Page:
In addition to this the QDR has enshrined: the establishment of a Joint Task force Elimination HQ, to better plan, train and execute WMD elimination; to research countermeasures and defence against non-traditional chemical agents; to enhance nuclear forensics; secure nuclear materials; expand the biological threat reduction program; to develop new verification technology to ensure foreign State compliance. The whole CCMRF/HRF thing will, no doubt, take a while to bed down, and it is interesting to ask whether the publication of Mirzayanov’s State Secrets had an impact on the QDR – would novichoks have been there without him?
20th SUPCOM exercise NDTs.
20th Support Command sent their Nuclear Disablement Teams to
To be sure, to be sure...
LA gets technical
National Public Radio announced that the LA Sheriff’s Department had launched a new $3 million vessel to detect ‘chemical and biological’ weapons. The boat is staffed by explosive experts to screen the vessel before it enters the port, it is accompanied by a helicopter to scan for radiological material and the sonar examines under the ship for any underwater threats. Meanwhile CBS announced that not only did the ship have cutting edge detectors but also... wait for it... a dog that ‘could detect chemical and biological weapons!’ Yowza! Presumably it has been trained to pick up some chemical agents and the rest it does purely on morbidity (the dog it was that died...).
I rest my case... Sorry I thought that was just a figure of speech... Case closed (Lionel Hutz)
The FBI formally closed the case on the Amerithrax case and released a huge body of investigative work – to some consternation. The FBI findings and supporting documents come in a ninety and two thousand five hundred page versions, and represent a large body of scientific and investigative work – more information on http://www.justice.gov/amerithrax/ . It is unlikely to please those that are determined that Dr Ivins was not guilty – but without a day in court (and even with that) they are unlikely to have been content anyway.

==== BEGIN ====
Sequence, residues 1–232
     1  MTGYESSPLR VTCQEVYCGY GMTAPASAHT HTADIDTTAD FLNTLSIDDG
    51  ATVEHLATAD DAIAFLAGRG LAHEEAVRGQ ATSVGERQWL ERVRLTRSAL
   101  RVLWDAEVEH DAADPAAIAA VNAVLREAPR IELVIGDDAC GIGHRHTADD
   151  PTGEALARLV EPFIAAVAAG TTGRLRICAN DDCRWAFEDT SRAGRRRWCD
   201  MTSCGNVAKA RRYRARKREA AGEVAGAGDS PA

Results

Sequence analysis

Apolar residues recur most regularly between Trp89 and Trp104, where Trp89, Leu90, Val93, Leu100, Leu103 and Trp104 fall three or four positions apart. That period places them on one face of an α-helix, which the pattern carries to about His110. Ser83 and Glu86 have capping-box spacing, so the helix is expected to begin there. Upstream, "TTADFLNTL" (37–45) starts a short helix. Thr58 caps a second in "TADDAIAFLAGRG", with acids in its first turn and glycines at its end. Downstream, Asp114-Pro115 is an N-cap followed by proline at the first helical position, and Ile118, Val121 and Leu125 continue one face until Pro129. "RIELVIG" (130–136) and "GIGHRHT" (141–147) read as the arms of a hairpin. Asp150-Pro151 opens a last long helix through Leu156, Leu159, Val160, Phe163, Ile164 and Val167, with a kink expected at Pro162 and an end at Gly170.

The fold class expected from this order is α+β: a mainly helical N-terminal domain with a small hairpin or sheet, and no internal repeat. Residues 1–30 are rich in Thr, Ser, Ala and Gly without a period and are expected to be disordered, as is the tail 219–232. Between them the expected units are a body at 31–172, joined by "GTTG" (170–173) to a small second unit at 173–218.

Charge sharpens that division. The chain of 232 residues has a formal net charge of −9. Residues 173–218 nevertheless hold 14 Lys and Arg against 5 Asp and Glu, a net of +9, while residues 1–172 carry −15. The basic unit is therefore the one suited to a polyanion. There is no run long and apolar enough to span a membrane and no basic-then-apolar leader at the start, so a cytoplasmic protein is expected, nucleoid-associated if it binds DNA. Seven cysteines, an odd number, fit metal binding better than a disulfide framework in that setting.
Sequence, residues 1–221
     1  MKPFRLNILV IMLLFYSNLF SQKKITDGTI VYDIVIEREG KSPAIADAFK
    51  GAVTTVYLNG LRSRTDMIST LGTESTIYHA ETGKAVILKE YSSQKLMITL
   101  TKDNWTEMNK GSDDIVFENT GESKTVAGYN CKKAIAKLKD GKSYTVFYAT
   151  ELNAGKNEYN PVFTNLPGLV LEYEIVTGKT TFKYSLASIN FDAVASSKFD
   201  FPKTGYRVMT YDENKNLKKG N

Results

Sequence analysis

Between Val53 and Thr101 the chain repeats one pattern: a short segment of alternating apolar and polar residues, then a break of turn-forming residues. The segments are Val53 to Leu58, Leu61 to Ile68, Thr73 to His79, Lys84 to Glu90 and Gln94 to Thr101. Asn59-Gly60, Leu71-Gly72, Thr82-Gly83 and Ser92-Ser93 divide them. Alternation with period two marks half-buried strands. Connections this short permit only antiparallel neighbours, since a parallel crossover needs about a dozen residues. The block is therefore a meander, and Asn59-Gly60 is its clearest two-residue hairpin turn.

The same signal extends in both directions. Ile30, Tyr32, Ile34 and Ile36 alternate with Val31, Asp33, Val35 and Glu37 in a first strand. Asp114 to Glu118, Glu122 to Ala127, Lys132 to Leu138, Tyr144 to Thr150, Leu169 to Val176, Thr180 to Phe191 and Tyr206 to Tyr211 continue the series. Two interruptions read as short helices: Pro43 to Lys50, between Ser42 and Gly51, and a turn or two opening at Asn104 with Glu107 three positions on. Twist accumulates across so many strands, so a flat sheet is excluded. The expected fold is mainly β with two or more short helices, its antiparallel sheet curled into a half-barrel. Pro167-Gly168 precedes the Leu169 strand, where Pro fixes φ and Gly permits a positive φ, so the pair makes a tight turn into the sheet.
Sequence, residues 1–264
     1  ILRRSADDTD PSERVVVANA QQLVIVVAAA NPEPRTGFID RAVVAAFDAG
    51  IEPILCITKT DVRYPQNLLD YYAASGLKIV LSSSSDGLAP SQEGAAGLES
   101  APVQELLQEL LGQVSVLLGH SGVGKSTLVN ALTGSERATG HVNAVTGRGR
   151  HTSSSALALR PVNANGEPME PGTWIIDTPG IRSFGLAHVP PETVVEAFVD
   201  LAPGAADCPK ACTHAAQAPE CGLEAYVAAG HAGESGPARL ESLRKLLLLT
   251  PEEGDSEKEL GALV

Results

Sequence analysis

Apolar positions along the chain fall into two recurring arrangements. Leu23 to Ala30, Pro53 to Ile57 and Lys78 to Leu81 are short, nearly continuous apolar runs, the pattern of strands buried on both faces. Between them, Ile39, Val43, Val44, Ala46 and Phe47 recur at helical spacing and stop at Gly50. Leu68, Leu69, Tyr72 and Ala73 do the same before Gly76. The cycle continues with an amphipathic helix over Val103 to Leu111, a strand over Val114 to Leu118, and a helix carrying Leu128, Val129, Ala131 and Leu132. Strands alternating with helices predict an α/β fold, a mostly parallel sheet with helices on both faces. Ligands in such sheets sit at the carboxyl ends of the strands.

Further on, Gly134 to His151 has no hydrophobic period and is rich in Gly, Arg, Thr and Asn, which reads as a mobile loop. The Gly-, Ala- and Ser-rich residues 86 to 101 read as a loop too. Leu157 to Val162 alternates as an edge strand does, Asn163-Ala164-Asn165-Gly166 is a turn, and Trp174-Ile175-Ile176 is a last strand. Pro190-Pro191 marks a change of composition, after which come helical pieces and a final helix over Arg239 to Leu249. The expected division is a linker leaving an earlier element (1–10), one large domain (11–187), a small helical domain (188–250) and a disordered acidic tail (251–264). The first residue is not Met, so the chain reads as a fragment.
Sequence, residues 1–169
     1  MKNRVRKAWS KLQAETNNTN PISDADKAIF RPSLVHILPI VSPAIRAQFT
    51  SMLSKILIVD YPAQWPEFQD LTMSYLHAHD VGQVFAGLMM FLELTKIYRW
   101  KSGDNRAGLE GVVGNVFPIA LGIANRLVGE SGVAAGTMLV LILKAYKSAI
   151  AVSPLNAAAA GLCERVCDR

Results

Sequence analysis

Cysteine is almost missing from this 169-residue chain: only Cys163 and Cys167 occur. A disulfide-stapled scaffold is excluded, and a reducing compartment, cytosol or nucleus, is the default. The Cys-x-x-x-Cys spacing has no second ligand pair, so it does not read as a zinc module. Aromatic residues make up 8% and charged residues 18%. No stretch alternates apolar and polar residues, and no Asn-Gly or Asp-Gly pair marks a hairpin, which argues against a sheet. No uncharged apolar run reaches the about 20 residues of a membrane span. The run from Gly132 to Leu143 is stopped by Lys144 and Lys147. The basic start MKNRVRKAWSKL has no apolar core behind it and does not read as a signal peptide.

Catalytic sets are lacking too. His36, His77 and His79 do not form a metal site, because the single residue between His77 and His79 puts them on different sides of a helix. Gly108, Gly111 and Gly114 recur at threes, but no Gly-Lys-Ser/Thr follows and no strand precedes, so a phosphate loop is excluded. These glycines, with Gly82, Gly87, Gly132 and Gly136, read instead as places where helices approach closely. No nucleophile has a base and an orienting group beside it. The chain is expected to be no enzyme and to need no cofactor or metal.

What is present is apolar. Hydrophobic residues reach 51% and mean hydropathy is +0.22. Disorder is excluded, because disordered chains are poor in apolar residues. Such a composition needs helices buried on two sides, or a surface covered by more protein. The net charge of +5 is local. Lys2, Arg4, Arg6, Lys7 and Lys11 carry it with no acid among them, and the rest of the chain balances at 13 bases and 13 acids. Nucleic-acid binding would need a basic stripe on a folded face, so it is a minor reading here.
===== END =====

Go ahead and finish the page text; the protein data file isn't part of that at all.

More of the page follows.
A mark of that discontent came with a request from Representatives, from
In a delightful show of ignorance Global Security Newswire – usually a solid source of information - brought the devastating news that
Damned with the faintest of praise
UK Fire and Rescue Service launch operational guidelines.
Bob Hark of Dorset Fire and Rescue announced at the NCEC Hazmat event in
It is to offer operational, tactical and technical advice, but sees the two disciplines being closely linked. Ron Dobson, the UK Fire lead on CBRN, has said that he wanted to see a coming together of fire and hazmat and Bob Hark agrees, stating that ‘A CBRN incident is a hazmat incident.’ The Guidelines will offer technical guidelines for PPE and decon, for example, but only be advice - the various forces do not have to follow them. If, however, they choose not to then they would have to follow their own internal processes - which would most likely be legally tested by the Health and Safety Executive in a court of law, and examined as to why they did not follow the approved guidelines.
It is too early to offer definitive opinions on this, but it does seem worrying at the moment, there is little oversight of military learning, little to no agent fate work, a generic risk assessment for bio, and all of the guidelines have to be evidenced by the UK Fire Service College - so it sounds worrying. Interested individuals, and those that would either like a review copy, or to make comment, should contact Bob Hark at Dorset Fire.